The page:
Grand Prix: The Greatest F1 Film

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Grand Prix: The Greatest F1 Film

F1 has all the ingredients for a great film. Speed, action, bitter rivalries, triumphs, and thwarted ambitions. There are real or imagined plots and conspiracies, there is a paddock adorned by gorgeous women. It's sex on wheels.

In the late 1990s, Sylvester Stallone announced plans for an F1 film, but that foundered. Amongst other obstacles, he was not going to be allowed to film at circuits on race days, a fatal blow.

Allegedly Stallone's film was to be based on the life and death of Ayrton Senna, but when lack of F1 access killed the project, he instead made the CART-based film "Driven," and that is to be avoided at all costs. It's a real stinker.

Back in 1966, in an innocent pre-Bernie era, director John Frankenheimer made the classic film "Grand Prix." It was an age of open-face helmets, beautiful race cars, and appalling accidents, it was a golden age marred by frequent tragedies.

"Grand Prix" takes us on a wonderful trip back to that time, giving us F1 scenes so real and evocative you can almost catch the brassy smell of a hot exhaust.Red Car

I had not seen it for some years. Renewing the acquaintance has been my film treat of the year.

The human stars of the film are James Garner, as Yamura (based on Honda) driver Pete Aron, and Yves Montand as Ferrari driver John Paul Sarti. Sarti deliberately sounds very similar to Surtees, who was a Ferrari driver in 1966, that was so live race commentaries could be used in the film. Sadly, Surtees had a bust-up with them and quit the Scuderia midway through the season.

Garner had to lose 20 pounds for the role, and because his head would otherwise extend above the roll hoop of any race car he drove (race drivers tend to be small) the seat was taken out.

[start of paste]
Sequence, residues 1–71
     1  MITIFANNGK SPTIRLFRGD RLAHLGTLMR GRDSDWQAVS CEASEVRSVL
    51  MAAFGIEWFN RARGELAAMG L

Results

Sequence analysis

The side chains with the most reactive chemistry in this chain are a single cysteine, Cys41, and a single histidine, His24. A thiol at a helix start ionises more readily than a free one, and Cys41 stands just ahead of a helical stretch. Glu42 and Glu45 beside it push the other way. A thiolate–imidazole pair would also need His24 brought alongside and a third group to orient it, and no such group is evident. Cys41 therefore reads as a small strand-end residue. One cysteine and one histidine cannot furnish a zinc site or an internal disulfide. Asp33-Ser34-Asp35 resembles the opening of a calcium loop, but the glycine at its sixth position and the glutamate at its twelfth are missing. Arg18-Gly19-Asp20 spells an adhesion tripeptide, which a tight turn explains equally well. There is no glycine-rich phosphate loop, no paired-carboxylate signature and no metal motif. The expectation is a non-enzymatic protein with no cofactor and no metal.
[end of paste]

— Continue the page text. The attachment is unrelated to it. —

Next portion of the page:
He was trained at the Willow Springs course and then at the Jim Russell driving school, so by the time filming started he was at least competent in a race car.

Most driving scenes in which "Pete Aron" appears do feature Garner behind the wheel, including the shot where his car bursts into flames.

When I see Garner in the film wearing a helmet and goggles, he looks terribly like a Thunderbirds puppet to me. Brains even, but apart from that he is fine.

Montand was reportedly not all happy about high-speed driving, and would complain if he thought a scene was driven too fast.

The real stars are the cars, of course.

There are no wings or spoilers, just an engine, four wheels, and a highly vulnerable driver. In 1966, Colin Chapman had yet to bring sponsorship to F1, so we just see the simple beauty of racing cars, only decorated with their race numbers.

Where we see Garner or Montand in track action, they are not driving real 1966 F1 cars, but F2 and F3 cars, mostly BRM, Brabham, or Lotus, painted and otherwise faked to look the part.

Continuity is patchy in the film, the same car seen in different shots can suddenly have wing mirrors of a different colour, or the bodywork may have undergone subtle alterations.

These matters are of no consequence, for we are looking down a time tunnel at a lost past, and we cannot expect perfection.

Frankenheimer was allowed to shoot on race days, giving the film a very authentic feel, the stands are packed with real race fans cheering real drivers.

The action is a mix of real race footage and mocked-up races. Some of the mocked-up sequences are lame and unconvincing, but there is some brilliant footage shot from a camera mounted on a Shelby Cobra.

Just take a look at the clip on YouTube I have embedded below. This shows the film version of the Spa race, which in real life was a John Surtees win for Ferrari.

Notice how different the circuit looks from today, and how extremely dangerous. There are track-side buildings waiting to be crashed into, roadsigns, telephone poles, even people by or on the track.

My head knows how crazy it was that races were run under such hazardous conditions. My heart says those were the days of real racing and real racers.

The clip demonstrates two features often seen in the film; convincing and enthralling race action, and a crash sequence that would fool nobody.

Just about all the famous names of 60s F1 appear in Grand Prix (some of them like Jim Clark and Lorenzo Bandini soon to die) and no Tifosi can miss the scene in the (genuine) Ferrari factory.

Can you just imagine any of today's secretive F1 teams allowing cameras in?

As a run-of-the-mill film, "Grand Prix" is not a particularly good in my opinion; it does not have the narrative strength to hook the uncommitted viewer. But for the F1, fan it is a truly great, unique, and essential film, cinema's only worthwhile tribute to F1.

Looking today on Amazon UK, it is available on DVD for a modest £4.97, no doubt it will be even cheaper everywhere else in the world. Get it; you won't be sorry. Turn up the volume, sit back, and do your eyes and ears the favour they've been begging for.

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